The Allure and Mystery of the National Treasure Pine Trees
Pine Trees Pine Trees

Pine Trees
By Hasegawa Tohaku
National Treasure
Tokyo National Museum
Tohaku's fascinating masterpiece Pine Trees is full of mysteries. Here, the allure of this painting and a few of its mysteries will be introduced.

[Tohaku's Brush Technique and Compositional Strength]
Tohaku captured movement and light using only ink and expressed space with three layers of shading. With his forceful brush, the artist created a sense of stepping back from the painting as one moves towards it. His rough brushwork produced a scene of pine trees emerging dimly in the distance.
The placement of four pine trees is delicately calculated to produce the effect of a refreshing breeze flowing through a grove. The pines standing tall on the screen appear as if extending out of the painting. Those directly in front of the painting will feel as if being pulled into this pine forest. Using merely ink shade and coarse, quick brushstrokes, Tohaku created a scene of pines enveloped in mist in this paramount Japanese ink painting.

[Is it a Completed Work or an Underdrawing?]
Generally, a byobu, or folding screen, consists of panels (surfaces between the folded sections) with five overlapping sheets of paper joined together lengthwise. These seams are usually aligned horizontally and pasted onto a panel. However, the unaligned seams of the paper used for Pine Trees suggest that the paper was meant for drafts and that the painting itself was a sketch.

If this work was a finished product, then it may have been originally a larger painting that was reformatted into screens. The tips of pine branches can be seen at the left end of the left screen, and from there the scene appears to have expanded further to the left.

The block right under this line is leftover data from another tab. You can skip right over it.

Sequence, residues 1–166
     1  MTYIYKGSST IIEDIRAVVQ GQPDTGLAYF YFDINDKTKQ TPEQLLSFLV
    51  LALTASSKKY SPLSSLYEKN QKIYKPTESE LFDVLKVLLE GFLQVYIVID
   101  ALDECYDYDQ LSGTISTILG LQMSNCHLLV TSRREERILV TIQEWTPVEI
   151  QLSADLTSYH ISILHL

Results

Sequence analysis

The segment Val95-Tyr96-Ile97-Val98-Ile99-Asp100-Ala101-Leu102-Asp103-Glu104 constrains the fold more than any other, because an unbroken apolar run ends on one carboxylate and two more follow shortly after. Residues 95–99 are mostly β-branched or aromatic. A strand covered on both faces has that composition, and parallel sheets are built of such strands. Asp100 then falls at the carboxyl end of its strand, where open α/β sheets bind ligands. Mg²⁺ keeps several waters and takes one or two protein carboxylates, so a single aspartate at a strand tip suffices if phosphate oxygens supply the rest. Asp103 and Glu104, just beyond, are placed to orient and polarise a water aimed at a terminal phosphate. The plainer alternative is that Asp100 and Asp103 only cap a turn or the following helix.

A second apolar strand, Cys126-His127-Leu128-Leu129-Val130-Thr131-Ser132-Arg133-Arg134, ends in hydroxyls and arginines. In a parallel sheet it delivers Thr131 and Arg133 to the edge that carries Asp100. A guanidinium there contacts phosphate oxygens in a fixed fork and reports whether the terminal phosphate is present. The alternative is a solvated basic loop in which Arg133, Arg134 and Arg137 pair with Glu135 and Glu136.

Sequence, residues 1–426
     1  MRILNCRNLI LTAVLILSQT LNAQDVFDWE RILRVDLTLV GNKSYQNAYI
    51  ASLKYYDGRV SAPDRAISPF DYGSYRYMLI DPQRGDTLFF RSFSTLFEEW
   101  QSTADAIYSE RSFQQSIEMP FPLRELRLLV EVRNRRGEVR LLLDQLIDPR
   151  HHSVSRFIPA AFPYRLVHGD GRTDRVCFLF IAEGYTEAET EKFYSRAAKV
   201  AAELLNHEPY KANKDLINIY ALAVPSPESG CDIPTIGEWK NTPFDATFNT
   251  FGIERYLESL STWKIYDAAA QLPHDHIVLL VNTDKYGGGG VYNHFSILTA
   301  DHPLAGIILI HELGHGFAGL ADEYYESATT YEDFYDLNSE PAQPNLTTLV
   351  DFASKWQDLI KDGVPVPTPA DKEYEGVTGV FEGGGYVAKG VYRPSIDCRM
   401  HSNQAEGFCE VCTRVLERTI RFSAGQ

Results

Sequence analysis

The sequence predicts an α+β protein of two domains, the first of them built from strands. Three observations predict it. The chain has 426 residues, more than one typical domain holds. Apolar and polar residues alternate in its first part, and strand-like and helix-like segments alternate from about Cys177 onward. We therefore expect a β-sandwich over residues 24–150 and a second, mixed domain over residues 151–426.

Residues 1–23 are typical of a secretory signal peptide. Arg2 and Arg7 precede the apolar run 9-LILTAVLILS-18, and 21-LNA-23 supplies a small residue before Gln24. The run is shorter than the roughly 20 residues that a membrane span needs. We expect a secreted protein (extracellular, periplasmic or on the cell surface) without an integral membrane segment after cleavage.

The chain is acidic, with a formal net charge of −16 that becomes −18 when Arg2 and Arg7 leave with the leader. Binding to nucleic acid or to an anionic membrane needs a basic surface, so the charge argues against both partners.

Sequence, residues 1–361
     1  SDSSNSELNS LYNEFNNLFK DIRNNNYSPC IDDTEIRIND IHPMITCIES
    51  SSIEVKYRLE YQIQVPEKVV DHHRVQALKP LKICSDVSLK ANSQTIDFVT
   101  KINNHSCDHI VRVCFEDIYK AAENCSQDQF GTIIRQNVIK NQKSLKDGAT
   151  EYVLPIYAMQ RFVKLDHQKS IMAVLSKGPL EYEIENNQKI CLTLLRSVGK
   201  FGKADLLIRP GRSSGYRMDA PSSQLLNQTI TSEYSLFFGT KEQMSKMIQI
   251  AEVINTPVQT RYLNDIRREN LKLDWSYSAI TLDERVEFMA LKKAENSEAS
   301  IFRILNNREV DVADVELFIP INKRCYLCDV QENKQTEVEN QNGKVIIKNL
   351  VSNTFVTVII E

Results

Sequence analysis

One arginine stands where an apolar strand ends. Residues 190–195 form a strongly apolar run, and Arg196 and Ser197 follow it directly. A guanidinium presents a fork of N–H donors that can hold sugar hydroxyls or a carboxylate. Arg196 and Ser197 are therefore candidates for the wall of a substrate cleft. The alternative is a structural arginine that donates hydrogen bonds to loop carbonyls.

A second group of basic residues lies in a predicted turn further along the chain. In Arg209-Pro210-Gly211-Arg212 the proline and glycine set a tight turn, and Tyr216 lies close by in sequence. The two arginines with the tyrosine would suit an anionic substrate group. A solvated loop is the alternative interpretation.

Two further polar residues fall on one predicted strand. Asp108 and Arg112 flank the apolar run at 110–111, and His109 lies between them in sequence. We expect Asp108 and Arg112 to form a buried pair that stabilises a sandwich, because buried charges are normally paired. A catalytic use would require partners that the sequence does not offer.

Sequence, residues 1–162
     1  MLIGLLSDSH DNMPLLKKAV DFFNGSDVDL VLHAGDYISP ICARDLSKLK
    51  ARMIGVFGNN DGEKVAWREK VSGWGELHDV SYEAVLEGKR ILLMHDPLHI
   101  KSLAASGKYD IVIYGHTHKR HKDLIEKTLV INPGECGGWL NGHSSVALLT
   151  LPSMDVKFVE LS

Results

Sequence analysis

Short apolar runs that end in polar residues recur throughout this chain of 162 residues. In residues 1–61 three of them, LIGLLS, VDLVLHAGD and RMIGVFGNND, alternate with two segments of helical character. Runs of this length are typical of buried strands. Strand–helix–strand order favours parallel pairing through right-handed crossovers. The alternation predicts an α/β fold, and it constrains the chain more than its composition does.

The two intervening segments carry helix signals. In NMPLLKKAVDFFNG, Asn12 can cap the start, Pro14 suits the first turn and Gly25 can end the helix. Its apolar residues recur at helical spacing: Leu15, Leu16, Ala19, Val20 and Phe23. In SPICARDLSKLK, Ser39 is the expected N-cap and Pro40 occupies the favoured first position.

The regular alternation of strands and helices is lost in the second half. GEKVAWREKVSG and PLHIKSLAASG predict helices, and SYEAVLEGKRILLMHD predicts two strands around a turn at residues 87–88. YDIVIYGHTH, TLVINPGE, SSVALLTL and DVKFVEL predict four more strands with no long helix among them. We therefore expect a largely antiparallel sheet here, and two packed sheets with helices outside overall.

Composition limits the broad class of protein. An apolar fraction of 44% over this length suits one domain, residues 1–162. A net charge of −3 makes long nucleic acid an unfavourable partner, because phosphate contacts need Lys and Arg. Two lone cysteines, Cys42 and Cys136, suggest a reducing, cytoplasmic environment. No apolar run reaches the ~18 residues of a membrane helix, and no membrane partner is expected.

[The Quality of the Paper and the Ink]
The quality of the paper for these screens is coarser than normal. This reinforces the hypothesis that Pine Trees was an underdrawing. However, the ink used is lustrous and of the highest quality, making it difficult to reach a conclusive decision.

[What Kind of Brush Did Tohaku Use?]
Exactly what kind of brush or utensil Tohaku used to execute the rough pine needles is unknown. Several theories have been suggested: the artist may have used a renpitsu (a single brush made of several brushes bound together), a brush made of straw, or a stiff brush generally used to decorate lacquerware with maki-e (sprinkled metal design).

[What Scenery was Being Painted?]
The pines that stand on the shores of the Noto Peninsula, Tohaku's birthplace, may have been the inspiration for Pine Trees. Or perhaps the pines come from an imagined place? Those who see the screens, however, often associate them with the evocative scenery of Ama-no-hashidate, Miho no Matsubara, and the landscape in their mind's eye.

[From Where was This Scene Viewed?]
This work captures a view at the foot of a distant snowcapped mountain. Many early Japanese paintings of pines near a bay have an expansive body of water at the center of their composition. Paintings of the shore generally capture the scenery from the other direction.

[The Time of the Pines]
A snowcapped mountain is depicted dimly in the distance. Perhaps the season is late autumn approaching winter. Or could it be snow thawing in early spring? It feels like morning with its cool air flowing through the pines surrounded by mist.

[The Seals that were Stamped Afterwards]
The seals stamped on the screens are unlike the seals seen on Tohaku's other works. It is thought that someone stamped them at a later time and place.

[The Placement of the Screens]
Arranging a pair of screens according to the placement of their seals - that is, the seals of the left screen appear on the far left corner and of the right screen on the far right - is the general placement for the screens. Pine Trees is also usually exhibited in this way, however, the trees mysteriously extend outwards even when the left and right screens are switched.